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Global Cotton Industry In A Recession?


September 28, 2018 by 7jF6eU

By Pat Munro

According to recent economic research, the American cotton industry generates over $25 billion in products annually. About 80 countries around the world produce cotton, but the U.S., China, and India together provide two-thirds of the world’s volume. Cotton accounts for about 35 percent of world fiber use. Presently, due to economic recessions and/or climate change, local cotton growers and producers are beginning to hoard their stock. Why, you may ask? The answer includes a volatile stock market, global insecurity, fragile consumer confidence and persistent high unemployment. The USDA estimates that the world cotton output will reach 113.9 million bales of cotton, compared to 102.9 million bales last year. Global consumption is projected to increase to 119.1 million bales by next year. As a result, retailers and wholesalers in the U.S. are focusing on the need for effective risk management planning to deflect rising costs of cotton. This past year alone, global cotton prices have increased by 55 percent for cotton per pound. It is expected that by spring 2011 there will be another increase of 10 percent.

For the first time in 50 years, world consumption of cotton in the 2010-11 year is forecast to exceed production for the fifth straight year. Foreign factories, as well as the entire supply chain from spinners and dyers to sewers and finishers, are said to be pressing for shorter lead times and hefty price commitments since the price of cotton futures jumped 93% last year. Because of this, India has installed an indefinite ban on raw cotton imports from other countries; they are presently the number 2 producer of cotton. Because of this Pakistan, the world’s fourth biggest cotton producer might shut down their mills because they rely on imports from India.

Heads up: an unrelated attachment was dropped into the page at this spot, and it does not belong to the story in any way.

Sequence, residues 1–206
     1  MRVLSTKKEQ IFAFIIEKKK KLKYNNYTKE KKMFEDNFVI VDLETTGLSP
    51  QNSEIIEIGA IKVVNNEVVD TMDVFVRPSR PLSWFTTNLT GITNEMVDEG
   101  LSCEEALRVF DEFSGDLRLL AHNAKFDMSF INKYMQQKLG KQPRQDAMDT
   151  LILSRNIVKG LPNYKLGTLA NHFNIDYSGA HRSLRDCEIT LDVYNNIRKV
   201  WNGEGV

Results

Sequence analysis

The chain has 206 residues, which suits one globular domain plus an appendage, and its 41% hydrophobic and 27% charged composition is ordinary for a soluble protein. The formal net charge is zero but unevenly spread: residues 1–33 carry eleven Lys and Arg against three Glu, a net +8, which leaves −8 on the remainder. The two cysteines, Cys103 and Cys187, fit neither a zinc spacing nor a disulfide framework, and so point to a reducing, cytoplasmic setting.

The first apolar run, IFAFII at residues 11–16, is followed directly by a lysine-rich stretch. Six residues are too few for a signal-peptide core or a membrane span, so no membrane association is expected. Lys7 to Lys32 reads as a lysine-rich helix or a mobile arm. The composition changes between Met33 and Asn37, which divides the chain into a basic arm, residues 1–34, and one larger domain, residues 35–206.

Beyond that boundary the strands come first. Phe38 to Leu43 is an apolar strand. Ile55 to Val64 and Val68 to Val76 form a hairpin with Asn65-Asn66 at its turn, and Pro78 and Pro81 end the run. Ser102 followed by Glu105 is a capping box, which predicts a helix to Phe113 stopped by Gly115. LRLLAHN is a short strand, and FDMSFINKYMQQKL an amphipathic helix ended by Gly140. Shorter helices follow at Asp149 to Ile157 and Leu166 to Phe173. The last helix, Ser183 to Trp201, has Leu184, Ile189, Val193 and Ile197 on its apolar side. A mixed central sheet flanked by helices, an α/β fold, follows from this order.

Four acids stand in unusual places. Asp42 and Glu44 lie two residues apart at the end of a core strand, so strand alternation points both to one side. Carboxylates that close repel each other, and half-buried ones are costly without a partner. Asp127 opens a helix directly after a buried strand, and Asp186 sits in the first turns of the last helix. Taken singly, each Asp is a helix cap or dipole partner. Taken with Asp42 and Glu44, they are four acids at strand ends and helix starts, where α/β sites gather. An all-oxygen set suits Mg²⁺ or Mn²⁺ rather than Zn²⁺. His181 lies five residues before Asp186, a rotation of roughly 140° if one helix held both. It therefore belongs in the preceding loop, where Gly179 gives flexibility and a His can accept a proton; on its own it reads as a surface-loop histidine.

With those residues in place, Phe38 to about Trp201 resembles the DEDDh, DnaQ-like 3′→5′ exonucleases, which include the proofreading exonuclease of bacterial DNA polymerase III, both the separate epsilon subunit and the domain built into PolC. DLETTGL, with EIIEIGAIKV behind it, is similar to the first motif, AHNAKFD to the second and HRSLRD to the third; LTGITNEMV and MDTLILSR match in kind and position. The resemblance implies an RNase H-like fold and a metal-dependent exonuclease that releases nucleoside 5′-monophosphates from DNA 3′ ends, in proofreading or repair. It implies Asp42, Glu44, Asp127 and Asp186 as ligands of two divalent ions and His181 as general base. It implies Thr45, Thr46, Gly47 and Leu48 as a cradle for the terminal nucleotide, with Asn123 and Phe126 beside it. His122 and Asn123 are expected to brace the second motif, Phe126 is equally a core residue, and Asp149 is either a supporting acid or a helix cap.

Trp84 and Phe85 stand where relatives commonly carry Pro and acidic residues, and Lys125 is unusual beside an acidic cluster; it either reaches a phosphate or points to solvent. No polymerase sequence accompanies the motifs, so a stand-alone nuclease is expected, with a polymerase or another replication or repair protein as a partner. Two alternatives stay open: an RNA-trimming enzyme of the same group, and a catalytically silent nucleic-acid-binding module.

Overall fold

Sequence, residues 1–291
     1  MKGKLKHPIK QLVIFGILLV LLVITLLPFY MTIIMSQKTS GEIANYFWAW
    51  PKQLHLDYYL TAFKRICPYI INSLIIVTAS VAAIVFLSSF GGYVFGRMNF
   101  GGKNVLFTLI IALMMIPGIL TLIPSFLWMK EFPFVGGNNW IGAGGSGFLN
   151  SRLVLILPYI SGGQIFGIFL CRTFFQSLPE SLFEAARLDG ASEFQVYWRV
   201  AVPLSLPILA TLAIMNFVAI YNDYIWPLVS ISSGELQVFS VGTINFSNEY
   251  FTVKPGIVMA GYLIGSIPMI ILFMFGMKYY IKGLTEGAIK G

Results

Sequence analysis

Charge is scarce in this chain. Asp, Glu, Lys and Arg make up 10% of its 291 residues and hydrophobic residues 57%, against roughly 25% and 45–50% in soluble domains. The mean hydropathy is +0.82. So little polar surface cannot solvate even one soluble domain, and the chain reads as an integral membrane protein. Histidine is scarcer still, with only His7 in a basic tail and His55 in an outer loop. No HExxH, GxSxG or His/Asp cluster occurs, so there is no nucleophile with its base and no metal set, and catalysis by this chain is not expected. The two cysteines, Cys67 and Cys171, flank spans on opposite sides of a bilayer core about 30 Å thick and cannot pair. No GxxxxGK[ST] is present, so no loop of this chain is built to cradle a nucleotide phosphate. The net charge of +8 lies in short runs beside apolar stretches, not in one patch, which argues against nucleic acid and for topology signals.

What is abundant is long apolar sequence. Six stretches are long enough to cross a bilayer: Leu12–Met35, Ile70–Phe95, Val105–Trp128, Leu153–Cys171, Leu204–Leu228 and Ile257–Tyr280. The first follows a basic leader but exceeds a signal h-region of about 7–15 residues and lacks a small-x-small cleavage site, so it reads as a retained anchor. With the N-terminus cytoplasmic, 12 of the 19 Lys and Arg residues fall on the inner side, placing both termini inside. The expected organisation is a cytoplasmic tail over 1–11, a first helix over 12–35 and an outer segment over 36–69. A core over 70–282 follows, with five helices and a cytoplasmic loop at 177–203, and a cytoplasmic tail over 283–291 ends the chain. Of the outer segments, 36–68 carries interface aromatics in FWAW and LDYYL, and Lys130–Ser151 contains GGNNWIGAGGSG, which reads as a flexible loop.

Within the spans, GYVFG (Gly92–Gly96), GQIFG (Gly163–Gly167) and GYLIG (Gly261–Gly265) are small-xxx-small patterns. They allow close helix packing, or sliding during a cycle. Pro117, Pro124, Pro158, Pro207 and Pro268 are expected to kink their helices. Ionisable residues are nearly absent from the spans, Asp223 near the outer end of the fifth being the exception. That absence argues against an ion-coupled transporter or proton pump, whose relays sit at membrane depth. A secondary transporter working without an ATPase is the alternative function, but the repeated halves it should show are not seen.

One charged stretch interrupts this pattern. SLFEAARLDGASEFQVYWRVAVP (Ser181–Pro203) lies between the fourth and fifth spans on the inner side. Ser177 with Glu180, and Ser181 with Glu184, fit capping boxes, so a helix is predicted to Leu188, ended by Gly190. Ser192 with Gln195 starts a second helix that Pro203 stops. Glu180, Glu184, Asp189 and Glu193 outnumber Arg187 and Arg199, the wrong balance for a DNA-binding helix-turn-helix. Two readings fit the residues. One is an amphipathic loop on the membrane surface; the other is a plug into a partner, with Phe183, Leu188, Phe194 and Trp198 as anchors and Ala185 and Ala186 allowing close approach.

What does this mean for cotton producers, and manufacturers in the U.S.? The U.S., which ranks third in production of cotton, is the leading exporter of the product, accounting for more than one-third of global trade in raw cotton pricing. Manufacturers such as Hanes brands, Inc., Fruit of the Loom Inc. and Jockey International who specialize in underwear, T-shirts and casual wear say they expect they will have to absorb the price increases, and in some cases, a few will raise price points. Also, a majority of other stores who source their own private label programs of cotton goods are facing the same problems as wholesalers.

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It’s possible that the shrinking cotton inventories will drive the stock-to-use ratio to the lowest level in sixteen years.

It seems that the American cotton producers and manufacturers have a big task at hand. They will have to ride the thin line between producing and retaining healthy stock levels, and working on the world market with the current atmosphere of economic instability and deception. Maybe the prices will rise, maybe there will be less availability, there are many ‘maybes’ in this current situation. Or just maybe, for the next few years, the cotton industry will have to make some serious changes in the way they develop and market their product in order to retain the ‘All American’ seal of approval we’ve all come to love and snuggle up to.

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